I’m prone to spend a few minutes while studying going through RSS feeds, my favorite news sites and generally surfing around the internet. Unfortunately, I often come across longform articles that I would love to read but just don’t have the time at the moment.

This is where one of my favorite apps, Instapaper comes in.

Instapaper lets you save any webpage for reading later. Say you come across a great New York Times article, you can use the Instapaper bookmarklet (a little script that runs in your bookmarks bar) that when clicked saves the current webpage into your queue (similar to Netflix’s queue) for reading later.

The best feature of Instpaper is it’s ability to strip away everything but the article that you want to read. All the ads, promotions and related content drops away and you can read in peace.

Instpaper features a great iOS app, made for both the iPhone and iPad. It allows you to easily read your queue full of articles. The app even builds in several sharing options, like Tumblr, Twitter and Evernote that can atomically share something when you mark it as a favorite.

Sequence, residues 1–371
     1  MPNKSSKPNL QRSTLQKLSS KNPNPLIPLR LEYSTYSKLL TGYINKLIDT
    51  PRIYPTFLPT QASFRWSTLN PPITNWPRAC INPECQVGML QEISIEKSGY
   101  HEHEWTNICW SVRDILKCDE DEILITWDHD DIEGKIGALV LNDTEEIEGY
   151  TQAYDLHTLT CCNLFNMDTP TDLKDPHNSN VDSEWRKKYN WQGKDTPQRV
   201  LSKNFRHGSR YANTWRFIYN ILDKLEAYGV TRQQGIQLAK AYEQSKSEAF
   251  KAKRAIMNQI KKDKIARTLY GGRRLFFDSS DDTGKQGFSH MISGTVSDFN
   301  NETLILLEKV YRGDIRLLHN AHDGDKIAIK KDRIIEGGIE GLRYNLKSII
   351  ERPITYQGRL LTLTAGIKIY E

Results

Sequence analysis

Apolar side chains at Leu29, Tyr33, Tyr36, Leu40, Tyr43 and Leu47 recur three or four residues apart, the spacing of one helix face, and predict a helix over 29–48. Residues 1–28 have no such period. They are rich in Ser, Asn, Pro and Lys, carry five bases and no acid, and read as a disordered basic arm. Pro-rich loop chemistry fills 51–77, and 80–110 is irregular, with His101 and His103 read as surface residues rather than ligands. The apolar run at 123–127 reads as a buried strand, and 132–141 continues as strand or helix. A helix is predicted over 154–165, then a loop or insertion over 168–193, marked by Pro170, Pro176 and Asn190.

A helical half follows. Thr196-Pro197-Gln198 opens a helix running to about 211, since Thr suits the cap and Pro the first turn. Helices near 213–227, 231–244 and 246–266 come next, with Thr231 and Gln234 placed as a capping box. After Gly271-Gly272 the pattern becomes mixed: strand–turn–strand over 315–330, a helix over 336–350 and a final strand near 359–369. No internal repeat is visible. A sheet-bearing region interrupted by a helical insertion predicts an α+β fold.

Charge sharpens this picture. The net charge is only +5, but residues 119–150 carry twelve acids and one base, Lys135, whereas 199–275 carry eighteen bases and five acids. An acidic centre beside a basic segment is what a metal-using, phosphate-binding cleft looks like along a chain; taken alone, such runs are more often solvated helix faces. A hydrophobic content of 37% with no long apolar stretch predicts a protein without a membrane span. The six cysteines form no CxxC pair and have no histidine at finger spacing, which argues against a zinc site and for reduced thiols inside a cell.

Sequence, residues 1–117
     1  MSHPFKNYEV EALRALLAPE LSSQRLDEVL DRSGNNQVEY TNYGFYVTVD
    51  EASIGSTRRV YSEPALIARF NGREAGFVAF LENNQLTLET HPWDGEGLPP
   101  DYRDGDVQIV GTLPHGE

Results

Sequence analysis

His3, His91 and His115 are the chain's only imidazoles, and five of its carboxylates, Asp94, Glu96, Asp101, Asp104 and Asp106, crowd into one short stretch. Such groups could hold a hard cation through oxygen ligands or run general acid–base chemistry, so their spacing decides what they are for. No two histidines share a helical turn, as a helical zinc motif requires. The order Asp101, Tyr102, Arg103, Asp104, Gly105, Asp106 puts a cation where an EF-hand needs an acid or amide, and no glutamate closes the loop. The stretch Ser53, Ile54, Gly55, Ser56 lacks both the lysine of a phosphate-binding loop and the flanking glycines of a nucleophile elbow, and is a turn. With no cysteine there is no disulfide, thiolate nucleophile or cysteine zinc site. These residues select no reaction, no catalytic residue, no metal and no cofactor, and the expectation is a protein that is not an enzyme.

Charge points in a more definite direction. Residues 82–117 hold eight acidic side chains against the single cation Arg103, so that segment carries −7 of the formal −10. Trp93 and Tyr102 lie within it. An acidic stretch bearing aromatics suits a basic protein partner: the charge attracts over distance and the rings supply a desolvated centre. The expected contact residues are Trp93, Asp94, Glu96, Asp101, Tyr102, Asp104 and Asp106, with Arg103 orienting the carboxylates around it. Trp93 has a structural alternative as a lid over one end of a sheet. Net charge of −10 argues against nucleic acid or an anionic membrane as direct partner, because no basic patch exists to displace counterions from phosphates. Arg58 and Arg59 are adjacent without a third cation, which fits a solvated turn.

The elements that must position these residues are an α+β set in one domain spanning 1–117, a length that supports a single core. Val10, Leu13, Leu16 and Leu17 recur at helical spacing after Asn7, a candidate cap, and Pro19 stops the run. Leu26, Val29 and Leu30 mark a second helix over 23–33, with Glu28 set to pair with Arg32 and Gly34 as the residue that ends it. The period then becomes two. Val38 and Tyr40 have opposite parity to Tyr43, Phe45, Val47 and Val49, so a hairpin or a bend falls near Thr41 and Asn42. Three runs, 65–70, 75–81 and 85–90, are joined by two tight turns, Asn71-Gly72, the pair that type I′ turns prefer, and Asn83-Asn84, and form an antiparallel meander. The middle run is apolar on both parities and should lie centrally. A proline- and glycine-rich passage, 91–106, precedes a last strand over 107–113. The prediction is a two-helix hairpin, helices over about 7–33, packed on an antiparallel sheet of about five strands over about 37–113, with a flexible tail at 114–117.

While not quite built for it, it acts as a great reminder list for videos to watch, webpages to visit later, and basically works to save anything you want to remember or revisit later. This works really well if you’re on your tablet or phone and find a webpage that can only be viewed on the web, just save it to your Instapaper account and pick it up later when you’re at your computer.

Instapaper is a free service, with a paid iOS app ($5). Like most things on the web, there are a number of alternatives if Instapaper isn’t quite your thing. Readability is their main competitor but concentrates on written articles much more than Instapaper. For instance, it isn’t really possible to save videos or non-written content to Readability.

One competitor that just got a huge update is Pocket, formally Read it Later. This app is made for saving more than just articles for later and is entirely free. It also features an Android and Kindle Fire app.

I’d really encourage everyone to find the right ‘save for later’ app for them. I prefer Instapaper, and in general find these type of services incredible useful. It keeps me focused on what’s important while working and reminds me about those cool stories, videos and sites I wanted to visit at a later time.